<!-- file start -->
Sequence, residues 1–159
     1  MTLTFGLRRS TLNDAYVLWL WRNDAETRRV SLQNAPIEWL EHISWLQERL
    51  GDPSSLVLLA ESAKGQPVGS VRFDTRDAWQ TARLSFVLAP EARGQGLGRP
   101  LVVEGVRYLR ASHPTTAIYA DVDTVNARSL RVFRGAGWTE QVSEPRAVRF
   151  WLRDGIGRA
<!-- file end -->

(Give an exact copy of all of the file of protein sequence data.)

Sequence, residues 1–159
     1  MTLTFGLRRS TLNDAYVLWL WRNDAETRRV SLQNAPIEWL EHISWLQERL
    51  GDPSSLVLLA ESAKGQPVGS VRFDTRDAWQ TARLSFVLAP EARGQGLGRP
   101  LVVEGVRYLR ASHPTTAIYA DVDTVNARSL RVFRGAGWTE QVSEPRAVRF
   151  WLRDGIGRA